Story at a glance
- Two major dams in central Michigan were breached after heavy rain on Tuesday.
- Thousands of residents have evacuated as floodwaters continue to rise.
- The National Weather Service expects floodwater levels to peak on Wednesday night.
The worst of the flooding is not yet over for residents of central Michigan, where two dams burst on May 19, forcing thousands to evacuate.
The National Weather Service has issued a flash-flood warning for areas near the Tittabawassee River, which reached 34.72 feet just before 9 a.m. on May 20, 10 feet above flood levels, and was still rising. The river is expected to crest 38 feet at 8 p.m. before subsiding.
Residents of the area between the Edenville and Sanford Dams have begun evacuating and Gov. Gretchen Whitmer declared a state of emergency for Midland County. There have been no reported deaths or injuries.
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“If you have not evacuated the area, do so now and get somewhere safe,” said Gov. Whitmer in a release. “This is unlike anything we’ve seen in Midland County. If you have a family member or loved one who lives in another part of the state, go there now. If you don’t, go to one of the shelters that have opened across the county. I want to thank the emergency responders, Michigan National Guard members, and the Michigan State Police on the ground helping residents evacuate. Stay safe, and take care of each other.”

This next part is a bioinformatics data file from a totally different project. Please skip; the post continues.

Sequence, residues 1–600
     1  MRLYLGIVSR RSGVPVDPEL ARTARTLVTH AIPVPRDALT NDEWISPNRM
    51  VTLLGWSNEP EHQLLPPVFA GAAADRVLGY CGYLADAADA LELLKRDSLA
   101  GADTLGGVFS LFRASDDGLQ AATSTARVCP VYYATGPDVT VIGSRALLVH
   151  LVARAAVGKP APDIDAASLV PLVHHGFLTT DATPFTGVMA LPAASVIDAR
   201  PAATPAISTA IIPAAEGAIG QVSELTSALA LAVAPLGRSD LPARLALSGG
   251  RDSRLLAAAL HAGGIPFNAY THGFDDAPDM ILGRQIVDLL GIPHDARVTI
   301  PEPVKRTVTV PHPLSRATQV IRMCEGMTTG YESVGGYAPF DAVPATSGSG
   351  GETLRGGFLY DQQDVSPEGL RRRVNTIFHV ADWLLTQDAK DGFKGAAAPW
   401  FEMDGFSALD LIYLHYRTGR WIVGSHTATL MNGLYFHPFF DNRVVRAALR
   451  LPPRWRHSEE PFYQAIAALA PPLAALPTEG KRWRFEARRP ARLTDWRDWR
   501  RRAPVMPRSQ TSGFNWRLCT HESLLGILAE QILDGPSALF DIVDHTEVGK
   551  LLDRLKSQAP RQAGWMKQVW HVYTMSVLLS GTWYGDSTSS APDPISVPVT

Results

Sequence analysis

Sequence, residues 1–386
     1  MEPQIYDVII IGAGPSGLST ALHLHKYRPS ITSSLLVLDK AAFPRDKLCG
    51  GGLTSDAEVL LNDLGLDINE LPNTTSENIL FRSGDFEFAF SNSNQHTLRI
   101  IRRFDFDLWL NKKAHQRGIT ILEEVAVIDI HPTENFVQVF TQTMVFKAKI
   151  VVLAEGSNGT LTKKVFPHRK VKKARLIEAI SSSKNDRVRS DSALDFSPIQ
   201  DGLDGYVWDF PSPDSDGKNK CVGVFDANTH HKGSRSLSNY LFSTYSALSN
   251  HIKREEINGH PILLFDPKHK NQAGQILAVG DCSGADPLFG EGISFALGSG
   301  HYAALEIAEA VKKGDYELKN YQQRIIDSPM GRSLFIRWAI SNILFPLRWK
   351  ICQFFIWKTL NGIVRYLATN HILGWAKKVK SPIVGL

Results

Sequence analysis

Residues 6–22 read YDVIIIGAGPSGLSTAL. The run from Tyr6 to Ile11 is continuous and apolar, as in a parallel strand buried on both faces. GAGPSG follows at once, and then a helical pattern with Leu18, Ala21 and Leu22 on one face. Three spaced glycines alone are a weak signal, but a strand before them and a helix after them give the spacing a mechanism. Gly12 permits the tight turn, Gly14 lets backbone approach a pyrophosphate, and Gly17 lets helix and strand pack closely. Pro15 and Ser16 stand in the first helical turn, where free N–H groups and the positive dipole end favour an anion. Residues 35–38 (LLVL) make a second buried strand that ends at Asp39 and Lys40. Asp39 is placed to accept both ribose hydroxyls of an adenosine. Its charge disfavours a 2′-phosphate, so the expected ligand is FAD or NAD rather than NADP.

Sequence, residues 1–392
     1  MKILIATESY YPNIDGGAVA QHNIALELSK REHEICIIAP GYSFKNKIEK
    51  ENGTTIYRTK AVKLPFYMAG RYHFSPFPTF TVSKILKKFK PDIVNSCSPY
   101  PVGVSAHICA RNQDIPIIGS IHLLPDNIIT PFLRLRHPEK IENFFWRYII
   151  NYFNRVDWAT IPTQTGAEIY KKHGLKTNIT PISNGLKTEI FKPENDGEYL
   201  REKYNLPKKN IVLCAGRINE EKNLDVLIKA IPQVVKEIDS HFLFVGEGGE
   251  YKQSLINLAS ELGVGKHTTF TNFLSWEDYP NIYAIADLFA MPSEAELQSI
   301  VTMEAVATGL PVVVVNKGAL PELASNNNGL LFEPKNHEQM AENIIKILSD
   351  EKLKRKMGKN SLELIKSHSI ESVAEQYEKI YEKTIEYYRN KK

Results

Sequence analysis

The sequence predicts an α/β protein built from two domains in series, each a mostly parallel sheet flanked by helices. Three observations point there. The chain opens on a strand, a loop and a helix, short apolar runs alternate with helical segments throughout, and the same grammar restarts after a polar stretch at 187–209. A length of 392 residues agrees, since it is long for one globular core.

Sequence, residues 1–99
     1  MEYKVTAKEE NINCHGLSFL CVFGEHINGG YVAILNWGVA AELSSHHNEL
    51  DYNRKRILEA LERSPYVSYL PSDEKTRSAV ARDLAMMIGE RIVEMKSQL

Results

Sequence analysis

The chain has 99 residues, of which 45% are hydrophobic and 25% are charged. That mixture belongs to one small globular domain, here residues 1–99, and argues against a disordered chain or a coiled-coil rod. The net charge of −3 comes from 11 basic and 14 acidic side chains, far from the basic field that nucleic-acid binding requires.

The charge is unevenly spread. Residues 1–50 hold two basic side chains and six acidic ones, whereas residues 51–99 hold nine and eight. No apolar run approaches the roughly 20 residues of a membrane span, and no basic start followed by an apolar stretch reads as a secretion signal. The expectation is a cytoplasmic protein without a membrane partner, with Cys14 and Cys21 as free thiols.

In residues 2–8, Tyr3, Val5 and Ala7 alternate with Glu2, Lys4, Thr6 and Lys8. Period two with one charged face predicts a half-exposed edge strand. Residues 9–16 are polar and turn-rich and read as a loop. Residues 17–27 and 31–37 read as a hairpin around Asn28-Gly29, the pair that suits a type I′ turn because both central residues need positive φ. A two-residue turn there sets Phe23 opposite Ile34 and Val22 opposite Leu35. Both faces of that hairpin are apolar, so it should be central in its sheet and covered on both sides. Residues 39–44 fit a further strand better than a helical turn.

The Dow Chemical Company headquarters in Midland were closed and units shut down on Wednesday, with only essential staff onsite to monitor the situation. Still, some are concerned about potential contamination of floodwaters spreading through the area. Dow confirmed to CNN that there were floodwaters "commingling with on-site containment ponds."
Four shelters have opened across the county, although social distancing will be difficult for many evacuated residents during the coronavirus pandemic.
“A dam failure and flood during a pandemic is a worst-case scenario. The immediate focus must be on ensuring public health and safety,” said Bob Irvin, President and CEO of American Rivers, in a statement.
Four to seven inches of rain had fallen in the area on Sunday and Monday before the dams failed Tuesday. Regulators in 2018 had been concerned that the Edenville Dam was vulnerable to heavy flooding, the New York Times first reported, and the Federal Energy Regulatory Commission revoked its license.
“This is not an isolated incident,” Irvin said. “Climate change is bringing more severe flooding, at a time when our nation's infrastructure is crumbling. It’s essential that we act now to invest in our rivers to protect public safety, improve our economy and strengthen our communities. This means shoring up necessary oversight and safety regulations, while also increasing funding for smart water infrastructure, including dam removal.”
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